I received an email from my CES coordinator today. Attached to the email was a letter from the CES Administrators’ Council about The Passion. It reads:
We have received questions about Mel Gibson?s new movie, ?The Passion of the Christ.? The Church has not made an official statement regarding the movie. We have been given the pamphlet, For the Strength of Youth: Fulfilling Our Duty to God. We should encourage the youth to follow the standards explained in the pamphlet, including those regarding movies. Also, it would not be profitable to spend class time discussing the pros and cons of attending it. If students seem confused and want further guidance, please encourage them to talk with their parents and priesthood leaders. CES personnel, however, should refrain from taking a particular stance on specific movies when the Church has made no official statement.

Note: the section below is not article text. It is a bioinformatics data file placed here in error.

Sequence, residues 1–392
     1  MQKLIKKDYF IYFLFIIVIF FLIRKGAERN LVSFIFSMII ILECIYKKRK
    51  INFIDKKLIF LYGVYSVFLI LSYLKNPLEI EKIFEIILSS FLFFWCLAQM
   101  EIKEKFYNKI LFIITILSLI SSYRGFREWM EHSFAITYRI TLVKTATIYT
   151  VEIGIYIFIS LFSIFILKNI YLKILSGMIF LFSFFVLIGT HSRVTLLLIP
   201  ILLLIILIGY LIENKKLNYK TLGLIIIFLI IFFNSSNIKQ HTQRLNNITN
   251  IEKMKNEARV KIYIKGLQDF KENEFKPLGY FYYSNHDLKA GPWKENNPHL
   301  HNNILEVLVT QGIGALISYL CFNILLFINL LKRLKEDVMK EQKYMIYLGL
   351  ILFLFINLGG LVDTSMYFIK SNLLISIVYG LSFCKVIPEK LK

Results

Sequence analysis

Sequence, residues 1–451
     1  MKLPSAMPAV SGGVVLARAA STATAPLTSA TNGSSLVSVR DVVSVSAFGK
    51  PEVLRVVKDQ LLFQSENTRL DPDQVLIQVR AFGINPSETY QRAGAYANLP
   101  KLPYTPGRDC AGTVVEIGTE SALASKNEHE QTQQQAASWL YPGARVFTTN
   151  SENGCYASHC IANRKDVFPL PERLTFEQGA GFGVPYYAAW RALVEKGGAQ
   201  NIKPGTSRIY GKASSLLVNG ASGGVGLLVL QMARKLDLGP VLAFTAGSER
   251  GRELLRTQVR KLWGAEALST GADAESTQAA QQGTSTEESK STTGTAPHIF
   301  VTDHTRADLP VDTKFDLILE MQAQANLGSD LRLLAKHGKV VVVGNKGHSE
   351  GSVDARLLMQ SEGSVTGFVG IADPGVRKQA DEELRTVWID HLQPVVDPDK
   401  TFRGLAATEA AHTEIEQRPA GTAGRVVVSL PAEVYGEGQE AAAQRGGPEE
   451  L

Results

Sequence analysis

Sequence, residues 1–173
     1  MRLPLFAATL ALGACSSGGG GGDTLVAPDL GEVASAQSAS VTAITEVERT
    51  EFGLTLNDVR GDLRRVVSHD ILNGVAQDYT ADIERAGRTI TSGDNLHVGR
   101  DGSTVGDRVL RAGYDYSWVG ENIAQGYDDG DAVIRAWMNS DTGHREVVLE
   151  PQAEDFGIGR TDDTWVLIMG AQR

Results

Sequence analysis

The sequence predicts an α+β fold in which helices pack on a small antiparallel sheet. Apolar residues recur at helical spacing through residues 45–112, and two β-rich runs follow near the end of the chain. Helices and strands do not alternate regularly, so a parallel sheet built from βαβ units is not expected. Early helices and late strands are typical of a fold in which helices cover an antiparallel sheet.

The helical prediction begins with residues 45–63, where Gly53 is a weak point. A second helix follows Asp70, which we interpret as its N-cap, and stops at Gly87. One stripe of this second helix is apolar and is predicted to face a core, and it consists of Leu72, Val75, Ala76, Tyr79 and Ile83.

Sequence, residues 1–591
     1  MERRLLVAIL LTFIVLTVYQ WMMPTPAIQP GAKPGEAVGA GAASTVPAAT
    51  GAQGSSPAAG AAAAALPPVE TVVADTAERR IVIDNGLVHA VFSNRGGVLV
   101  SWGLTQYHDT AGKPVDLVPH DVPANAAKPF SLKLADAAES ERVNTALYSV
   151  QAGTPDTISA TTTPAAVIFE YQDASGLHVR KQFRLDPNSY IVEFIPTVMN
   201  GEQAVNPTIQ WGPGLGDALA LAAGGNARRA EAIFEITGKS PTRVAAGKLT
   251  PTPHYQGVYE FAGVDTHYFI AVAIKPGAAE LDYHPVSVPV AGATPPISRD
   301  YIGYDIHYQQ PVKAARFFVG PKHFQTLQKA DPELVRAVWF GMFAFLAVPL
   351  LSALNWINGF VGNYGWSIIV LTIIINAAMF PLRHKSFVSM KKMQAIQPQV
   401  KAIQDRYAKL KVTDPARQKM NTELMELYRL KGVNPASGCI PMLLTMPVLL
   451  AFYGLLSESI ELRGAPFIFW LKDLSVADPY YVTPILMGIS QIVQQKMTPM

The Church is in a tough position on issues like this, and asking CES personnel to refrain from taking a position seems entirely appropriate to me. On the other hand, avoiding classroom discussion? Admittedly, a discussion has the potential to get ugly, but I wonder about the long-term effects of our persistent failure to engage our youth. In working with the youth over the past several years, it has become clear to me that most of their leaders and teachers are very concerned about conveying information and much less concerned about developing skills for dealing with life’s inevitable ambiguities. We need those skills most “when the Church has made no official statement,” and cutting off this avenue of instruction seems like a missed opportunity.